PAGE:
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Student Adjusts to Festivities on a Larger Scale


LAGUNA BEACH — Kira Leisau was shopping . . . in the middle of November . . . for Christmas gifts .

This was incredible.

For more than a month, Leisau, a sophomore at Laguna Beach High School, had been noticing Christmas decorations and advertisements. The initial holiday festivities surprised her.

Leisau, a foreign exchange student from Denmark, has had to adjust to an American Christmas. The differences from home are subtle, in many ways, but definitely noticeable.

"Everything starts so early here," said Leisau, who plays for the junior varsity basketball team and ran junior varsity cross-country. "It was November, and people were out buying gifts."

Not that Leisau minded. She just wasn't accustomed to it.

In her home town of Kolding--a city of approximately 57,000 located in southwestern Denmark--Christmas is similar, but the season is a little shorter.

Around the beginning of December, her family would begin preparing for Dec. 24, which is when they celebrate. Leisau would help her mother with baking cookies and marcipan, an after-dinner snack.

Each day during December, Leisau would open a a little door on a Christmas calender, behind which would be a piece of chocolate.

There would be shopping. But the intensity of the shoppers here has surprised her.

"Everyone seems so busy," she said.

On Christmas Eve, Leisau's family would put up the tree, which was illuminated by real candles. Her grandparents would come over for dinner.

"Christmas is a smaller event at home," said Leisau, who is an only child. "It's just the immediate family. We have dinner and then exchange gifts. After that, we join hands around the tree and sing Christmas carols. The next day we would go to my grandparents' house for a quiet dinner.

"Here, it's a big party. I like that, too."

There are many things about Christmas in Laguna Beach that Leisau enjoys. The sun, for one.

Although Kolding gets little snow, winters are cold and rainy. The temperature rarely gets above the mid-30s.

Laguna Beach, needless to say, offered a different climate.

"It's five days before Christmas, and it feels like summer in Denmark," she said.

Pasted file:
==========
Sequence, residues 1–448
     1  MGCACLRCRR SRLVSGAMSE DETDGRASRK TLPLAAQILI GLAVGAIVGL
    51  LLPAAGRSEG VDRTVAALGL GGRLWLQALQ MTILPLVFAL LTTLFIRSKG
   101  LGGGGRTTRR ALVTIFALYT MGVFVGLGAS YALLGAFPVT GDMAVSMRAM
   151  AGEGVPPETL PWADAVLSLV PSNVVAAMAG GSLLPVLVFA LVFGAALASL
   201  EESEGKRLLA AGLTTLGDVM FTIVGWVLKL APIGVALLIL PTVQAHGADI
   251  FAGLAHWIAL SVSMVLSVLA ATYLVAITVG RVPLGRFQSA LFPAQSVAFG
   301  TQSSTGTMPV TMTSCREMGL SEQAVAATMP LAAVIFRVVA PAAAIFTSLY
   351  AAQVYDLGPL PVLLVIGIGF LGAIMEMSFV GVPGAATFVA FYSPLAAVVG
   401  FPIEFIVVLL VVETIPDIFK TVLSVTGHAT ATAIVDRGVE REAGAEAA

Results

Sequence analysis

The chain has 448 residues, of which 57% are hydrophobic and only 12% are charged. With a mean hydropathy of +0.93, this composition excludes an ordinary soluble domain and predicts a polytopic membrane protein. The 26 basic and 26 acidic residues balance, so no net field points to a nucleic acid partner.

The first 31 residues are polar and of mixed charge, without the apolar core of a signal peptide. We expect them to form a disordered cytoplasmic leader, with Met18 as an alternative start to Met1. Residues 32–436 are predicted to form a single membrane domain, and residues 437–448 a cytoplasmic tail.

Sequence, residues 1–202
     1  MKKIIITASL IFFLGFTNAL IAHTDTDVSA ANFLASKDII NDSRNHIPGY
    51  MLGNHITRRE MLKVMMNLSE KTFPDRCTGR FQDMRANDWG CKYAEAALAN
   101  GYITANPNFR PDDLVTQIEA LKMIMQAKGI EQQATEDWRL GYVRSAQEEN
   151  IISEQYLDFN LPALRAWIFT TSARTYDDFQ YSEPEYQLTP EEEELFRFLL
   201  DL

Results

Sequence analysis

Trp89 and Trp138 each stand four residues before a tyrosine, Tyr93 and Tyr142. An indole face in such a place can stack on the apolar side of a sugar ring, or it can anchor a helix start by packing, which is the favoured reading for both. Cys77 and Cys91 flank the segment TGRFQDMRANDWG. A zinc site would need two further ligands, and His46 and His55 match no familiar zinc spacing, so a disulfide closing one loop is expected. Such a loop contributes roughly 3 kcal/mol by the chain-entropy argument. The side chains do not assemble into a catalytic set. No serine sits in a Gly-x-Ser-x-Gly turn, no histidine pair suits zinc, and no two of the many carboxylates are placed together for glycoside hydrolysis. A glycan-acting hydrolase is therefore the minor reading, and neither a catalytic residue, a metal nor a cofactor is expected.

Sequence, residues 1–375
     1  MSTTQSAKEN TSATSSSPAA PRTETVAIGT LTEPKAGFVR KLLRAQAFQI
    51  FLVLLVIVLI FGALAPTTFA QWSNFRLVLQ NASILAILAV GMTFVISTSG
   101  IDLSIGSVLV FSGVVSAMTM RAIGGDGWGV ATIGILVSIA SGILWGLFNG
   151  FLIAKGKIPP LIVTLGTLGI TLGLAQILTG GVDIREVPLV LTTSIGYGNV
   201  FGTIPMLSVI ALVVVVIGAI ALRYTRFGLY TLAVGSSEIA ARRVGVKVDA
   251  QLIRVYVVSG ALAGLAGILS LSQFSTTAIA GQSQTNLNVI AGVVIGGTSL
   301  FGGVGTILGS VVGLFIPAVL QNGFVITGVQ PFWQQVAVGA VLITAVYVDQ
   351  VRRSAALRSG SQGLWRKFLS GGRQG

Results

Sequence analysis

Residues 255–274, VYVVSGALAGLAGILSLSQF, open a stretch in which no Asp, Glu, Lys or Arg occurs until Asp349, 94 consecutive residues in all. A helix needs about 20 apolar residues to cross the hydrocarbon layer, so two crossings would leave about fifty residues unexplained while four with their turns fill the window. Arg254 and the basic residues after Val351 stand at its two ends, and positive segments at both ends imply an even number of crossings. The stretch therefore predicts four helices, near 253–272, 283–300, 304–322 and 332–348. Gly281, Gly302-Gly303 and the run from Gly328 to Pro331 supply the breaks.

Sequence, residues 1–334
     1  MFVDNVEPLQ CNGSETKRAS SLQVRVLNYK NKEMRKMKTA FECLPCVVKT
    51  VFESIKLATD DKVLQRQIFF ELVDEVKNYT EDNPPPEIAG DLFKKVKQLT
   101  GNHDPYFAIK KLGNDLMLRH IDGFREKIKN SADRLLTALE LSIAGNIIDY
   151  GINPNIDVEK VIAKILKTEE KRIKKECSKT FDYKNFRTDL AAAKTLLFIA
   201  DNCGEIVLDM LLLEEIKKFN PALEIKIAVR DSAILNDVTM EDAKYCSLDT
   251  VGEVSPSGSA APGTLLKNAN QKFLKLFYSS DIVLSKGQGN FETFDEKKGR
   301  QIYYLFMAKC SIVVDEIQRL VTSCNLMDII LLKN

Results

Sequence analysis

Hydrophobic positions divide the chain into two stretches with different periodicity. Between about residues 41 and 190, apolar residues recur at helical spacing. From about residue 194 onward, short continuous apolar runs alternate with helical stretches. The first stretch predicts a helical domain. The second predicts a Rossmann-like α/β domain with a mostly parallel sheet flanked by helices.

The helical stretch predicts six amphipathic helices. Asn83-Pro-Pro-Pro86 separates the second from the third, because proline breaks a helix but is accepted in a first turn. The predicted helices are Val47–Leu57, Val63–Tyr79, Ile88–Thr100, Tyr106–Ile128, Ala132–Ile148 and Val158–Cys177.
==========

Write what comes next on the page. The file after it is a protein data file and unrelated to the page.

These are some of the differences Leisau wanted to experience, which is why she came to the United States.

But she wasn't sure where she was going, even after she learned it was Laguna Beach.

"I had no idea where it was," she said. "I couldn't believe how close it was to the ocean. This is great."

Going to Southern California was an advantage, because her mother's aunt lives in Solvang. Leisau also has cousins in the San Diego area.

Leisau had few problems with the language, having taken English in school. But there were a few slang terms that confused her for a while.

"I had no idea what 'weird' meant or 'awesome,' " Leisau said. "But I've learned."

Athletics have never been a large part of her life, because girls' sports are not as big in Denmark. But she decided to try out for some sports because everyone else seemed to be involved.

Heather Holmes, the 15-year-old daughter of the family Leisau is staying with, plays tennis at Laguna Beach.

Leisau made the junior varsity in cross-country, a sport she had never tried before, and was voted most improved sophomore.

She also plays basketball, in which she had a little training at home.

"In Denmark when school is over, everyone wants to go home," she said. "No one wants to stay around the school. Here, everyone is doing something at school. It's fun."

There are other Southern California traits she has adopted. The dislike for walking is one.

Since foreign-exchange students are not allowed to drive in the United States, Leisau jokingly asked Julemand (Santa Claus) to bring a car for Heather.

"I'm tired of riding buses," Leisau said.

Especially on those early Christmas shopping excursions.

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